Safety is, of course, one of the foremost concerns when designing a synthetic biology system. Addressed here is a wide range of points on the safety of the Michigan Synthetic Biology Team's project in the laboratory and beyond.
Would any of your project ideas raise safety issues in terms of public saftey or environmental safety?
Our project is designed to function entirely on a piece of paper; no organism (besides the user) is required to make it work. Our cell-free design is made up mostly of DNA and other components necessary for protein synthesis. Some form of these components exists in every cell of every species, from E. coli to elephants. The in vitro nature of our final product would remove several potential hazards associated with a device utilizing live cells. There is no chassis organism in the final product which can escape into the environment.
The DNA used in our design is unlikely to be taken up and expressed by a naturally occurring microorganism because all DNA segments are linear and the T7 promoter driving expression is not transcribed by healthy bacteria. This greatly reduces the risks of using our recombinant DNA outside the lab. Even if the recombinant DNA used in our project were taken up by a natural microorganism, it codes for two fragments of beta galactosidase, an enzyme which is classified as a non-hazardous substance by GHS and HCS (4). The antibiotic resistance plasmids that are used for cloning should never leave a laboratory setting and would not be a part of the final product. Although these precautions alleviate some common concerns regarding the use of recombinant DNA outside the lab, it is important to remember that the project does still utilize recombinant DNA and therefore requires diligent consideration of possible unforeseen environmental effects.
The primary safety considerations of the project relate to its use as a diagnostic device. When developing such a device, false negatives and false positives are a major source of concern, and the potential damage of misdiagnosis must be carefully weighed against the benefits of diagnosing the disease correctly and quickly. Although accuracy and reliability have a large effect on a device’s safety, it is difficult to predict these parameters at such an early stage of development. Another potential danger would be the requirement of working with a small quantity of bodily fluid to operate the device. Any bodily fluid must be treated as a potential source of disease transfer between the patient and others.
Do any of the new Biobrick parts (or devices) that you made this year raise any safety issues?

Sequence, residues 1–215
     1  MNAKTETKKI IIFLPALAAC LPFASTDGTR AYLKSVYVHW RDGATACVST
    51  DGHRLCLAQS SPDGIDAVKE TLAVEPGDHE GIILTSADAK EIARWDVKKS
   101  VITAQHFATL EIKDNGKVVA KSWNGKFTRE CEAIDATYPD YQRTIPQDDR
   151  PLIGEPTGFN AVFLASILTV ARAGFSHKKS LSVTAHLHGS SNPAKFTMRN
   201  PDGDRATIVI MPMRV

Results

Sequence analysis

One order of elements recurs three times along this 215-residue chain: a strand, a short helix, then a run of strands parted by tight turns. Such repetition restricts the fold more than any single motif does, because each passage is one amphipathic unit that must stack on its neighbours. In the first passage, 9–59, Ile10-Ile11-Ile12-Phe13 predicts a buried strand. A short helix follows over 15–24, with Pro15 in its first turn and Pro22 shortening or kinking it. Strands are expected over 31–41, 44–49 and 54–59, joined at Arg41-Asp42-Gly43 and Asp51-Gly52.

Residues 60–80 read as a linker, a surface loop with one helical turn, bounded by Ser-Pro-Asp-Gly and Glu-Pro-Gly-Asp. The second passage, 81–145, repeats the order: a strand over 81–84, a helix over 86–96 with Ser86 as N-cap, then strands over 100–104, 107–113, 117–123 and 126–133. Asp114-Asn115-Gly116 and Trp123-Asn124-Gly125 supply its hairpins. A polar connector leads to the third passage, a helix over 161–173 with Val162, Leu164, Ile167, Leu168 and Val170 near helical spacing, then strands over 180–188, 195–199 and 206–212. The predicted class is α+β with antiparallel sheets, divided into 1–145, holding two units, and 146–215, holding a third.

The LacZ omega fragment Biobrick that we submitted is a commonly used reporter in synthetic biology. It encodes a version of beta galactosidase which is only functional when paired with the beta galactosidase alpha fragment. The full beta galactosidase enzyme is classified as a non-hazardous substance under GHS and HCS standards (4).
Is there a local biosafety group, committee, or review board at your institution? If yes, what does your local biosafety group think about your project?
There is no body specifically focused on overseeing biosafety hazards. The University of Michigan’s Department of Occupational Safety and Environmental Health reviewed the team’s laboratory and practices multiple times, and found that our lab space met their requirements for safety. Before our team started doing lab work, all our members were trained in laboratory safety and instrument handling in accordance with University of Michigan requirements.
How could parts, devices and systems be made even safer through biosafety engineering? Do you have any other ideas how to deal with safety issues that could be useful for future iGEM competitions?
With a mass produced product that is based on exposed synthetic genes, there is a small chance of natural transformation by environmental bacteria. The products that would come from these genes’ expression are harmless, but to prevent mutation and spreading of these genes a simple failsafe was designed. Inspired by The Chinese University of Hong Kong’s 2012 project that featured a safety component that targets DNA using CRISPR (1). Our design is more simplistic; it relies on the weak expression of DNase I. University Oxford’s 2015 project included a part for DNase I and the necessary chaperone peptide (DbsA) (2). Using a weak promoter to slowly build up the enzymes concentration should not destroy the main template until after it has finished expression. The University of California, Berkeley 2006 iGEM documented a list of promoters and their relative strength and submitted them as parts (3). If it is decided to use this system, several different promoters could be tested with the DNase part in order to find the right level of expression. A DNase-based suicide gene has applications with any cell-free synthetic gene network. It is almost every organism that comes in contact with it, and bacterial the do transform the suicide gene into itself will not survive long enough to spread gene further. It will also efficiently wipe away any DNA that was used and leave only short oligonucleotides behind.
A DNase-based suicide gene has applications with any cell-free synthetic gene network. It is almost every organism that comes in contact with it, and bacterial the do transform the suicide gene into itself will not survive long enough to spread gene further. It will also efficiently wipe away any DNA that was used and leave only short oligonucleotides behind.